Being rejected over and over again can be a massive blow to your self-confidence.
I mean, come on… we’re only human.
We can wake up every morning and think “today is going to be my day”, but when the world seems to be an endless stream of “no”, it gets hard not to take things personally.
Here’s my first bit of advice: taking things personally isn’t going to make you the sales pro you need to be.
I know, it’s not what you want to hear. If Big Pharma managed to make a potion that increased confidence artificially, it would triple in price by the end of the day.
Unfortunately, self-confidence when selling has to come from within you. Sounds corny, but if you believe in your skills, talents, and what you can put on the table, then that belief will transfer over to your prospects.
But where do you get self-confidence from if it doesn’t come to you naturally?
In this post, I’ll share with you my top tips on how to become self-confident when selling your leads. Self-doubt and insecurity have no place here!
Top Tip #1: Overpromising Will Kick-Start Your Self-Confidence
Now, you didn’t expect to hear that, did you?
A popular business truism reads like this: “underpromise and overdeliver”. That way, you’ll always please your client, right? They’ll be so impressed by how you’ve gone “above and beyond”, they’ll continue to buy leads off you every week.
Sound logic, but “underpromise and overdeliver” is terrible advice.
See, the thing is… people don’t care if you overdeliver.
Here’s a quick example:
Underpromising and Overdelivering
Say you’d agreed to meet your friend at the local coffee shop at a specific time. If your friend turns up half an hour late, chances are you’re not very happy, right? But if your friend arrives fifteen minutes early and has bought you a coffee, you’re unlikely to feel more satisfied than if they’d just arrived on time.
Let’s apply this example to a work environment. According to a study published in Social Psychology and Personality Science, if you’re underpromising and overdelivering, you’re probably wasting your efforts.
Ayelet Gneezy and Nicholas Epley, the minds behind the Underpromise/Overdeliver study, paired up some participants, making one the promise-maker and one the promise-receiver. The promise-receiver’s task was to complete 40 puzzles, with payment for each puzzle solved. The promise-maker said they’d help their partner solve 10 puzzles.
Gneezy and Epley instructed the promise-makers to solve either the 10 puzzles promised, or only 5, or 15. For those who solved 15 puzzles, the level of gratitude from their partner was no more than for those who solved 10.
Epley expressed his surprise at the results:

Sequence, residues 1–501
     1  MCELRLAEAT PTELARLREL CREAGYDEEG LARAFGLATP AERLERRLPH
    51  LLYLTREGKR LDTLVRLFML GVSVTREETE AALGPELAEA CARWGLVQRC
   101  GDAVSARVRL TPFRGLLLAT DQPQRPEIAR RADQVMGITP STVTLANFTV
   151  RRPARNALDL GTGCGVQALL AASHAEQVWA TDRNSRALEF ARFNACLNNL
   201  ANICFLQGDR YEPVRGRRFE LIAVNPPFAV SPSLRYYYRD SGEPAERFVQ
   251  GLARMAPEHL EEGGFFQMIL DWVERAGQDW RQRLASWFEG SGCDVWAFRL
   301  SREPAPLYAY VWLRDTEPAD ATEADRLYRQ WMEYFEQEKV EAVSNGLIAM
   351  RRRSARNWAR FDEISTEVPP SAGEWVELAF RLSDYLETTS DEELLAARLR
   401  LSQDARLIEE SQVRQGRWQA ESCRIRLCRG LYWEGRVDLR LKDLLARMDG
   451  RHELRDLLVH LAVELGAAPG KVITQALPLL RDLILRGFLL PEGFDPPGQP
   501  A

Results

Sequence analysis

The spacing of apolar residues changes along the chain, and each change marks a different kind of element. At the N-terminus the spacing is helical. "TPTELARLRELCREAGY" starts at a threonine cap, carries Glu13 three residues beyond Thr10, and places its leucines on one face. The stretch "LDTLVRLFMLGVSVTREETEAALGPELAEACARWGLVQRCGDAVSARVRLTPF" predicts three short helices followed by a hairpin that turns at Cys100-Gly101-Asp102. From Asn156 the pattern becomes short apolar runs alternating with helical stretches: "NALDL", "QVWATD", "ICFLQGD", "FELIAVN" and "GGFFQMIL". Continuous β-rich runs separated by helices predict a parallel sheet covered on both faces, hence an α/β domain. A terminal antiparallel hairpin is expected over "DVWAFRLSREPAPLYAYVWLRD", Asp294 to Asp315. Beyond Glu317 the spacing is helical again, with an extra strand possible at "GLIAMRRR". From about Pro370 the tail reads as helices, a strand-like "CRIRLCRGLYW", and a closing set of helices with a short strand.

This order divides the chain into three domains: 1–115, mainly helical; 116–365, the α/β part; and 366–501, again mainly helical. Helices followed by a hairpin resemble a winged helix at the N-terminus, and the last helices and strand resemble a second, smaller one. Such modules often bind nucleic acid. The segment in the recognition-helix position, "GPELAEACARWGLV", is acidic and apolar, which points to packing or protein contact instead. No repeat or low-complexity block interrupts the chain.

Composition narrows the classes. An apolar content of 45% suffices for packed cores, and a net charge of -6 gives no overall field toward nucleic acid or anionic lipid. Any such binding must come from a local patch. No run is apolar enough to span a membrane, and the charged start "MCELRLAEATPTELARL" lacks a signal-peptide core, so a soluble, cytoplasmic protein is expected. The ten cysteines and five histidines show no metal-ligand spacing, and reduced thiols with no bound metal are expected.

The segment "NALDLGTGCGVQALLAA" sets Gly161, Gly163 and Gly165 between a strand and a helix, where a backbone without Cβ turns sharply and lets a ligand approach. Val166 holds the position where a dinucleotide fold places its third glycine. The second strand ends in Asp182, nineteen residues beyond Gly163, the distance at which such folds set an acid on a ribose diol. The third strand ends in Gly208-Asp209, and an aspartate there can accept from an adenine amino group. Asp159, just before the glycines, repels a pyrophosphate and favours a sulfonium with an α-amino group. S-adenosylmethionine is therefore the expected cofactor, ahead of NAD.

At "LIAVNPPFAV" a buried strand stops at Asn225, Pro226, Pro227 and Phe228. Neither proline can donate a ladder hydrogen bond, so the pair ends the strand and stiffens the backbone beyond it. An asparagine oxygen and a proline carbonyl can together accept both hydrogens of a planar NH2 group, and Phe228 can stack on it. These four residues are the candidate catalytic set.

“I was surprised that exceeding a promise produced so little meaningful increase in gratitude or appreciation. I had anticipated a modest positive effect. What we found was almost no gain from exceeding a promise whatsoever.” (eurekalert.org).
It turns out that people take their contracts, verbal and written, very seriously. As long as that promise isn’t broken, overdelivering is going to have no additional happiness aimed towards the promise-maker.
Overpromising and Keeping That Promise
So, we can take from Gneezy and Epley’s study that underpromising and overdelivering isn’t going to make the client trust you or your service any more than if you’d kept to what you’d promised.
If you have been underpromising and overdelivering that, in turn, must have a considerable impact on your self-confidence when selling. No one wants to feel like they’re being “taken for granted”, so pouring in the extra hours for little reward must feel demoralising.
The key to selling with self-confidence is then:
- Keeping your promises
On the web, there are tonnes of articles warning you not to overpromise. The reasons are fair – the authors want to discourage you from making promises you can’t keep.
However, with a new client, the only person who knows they’re overpromising is YOU.
Say you’ve been in the game for a little while. You know for a fact that you can get the client 100 leads a week. It’s a pretty standard order, and any PPL agency worth their salt can keep this promise.
However, say you want to push yourself and see what you can do. Instead of promising the usual 100 leads, you offer 125 or 130.
The client accepts, and now you need to push yourself to a higher level. Those extra 25 to 30 leads are the difference between an impressed client and a broken “contract”.
A little bit of extra pressure is an excellent motivator. Pushing yourself encourages you to learn new things – fast. Whereas staying conservative with your offer requires no development, no new skills, and keeps you in a rut.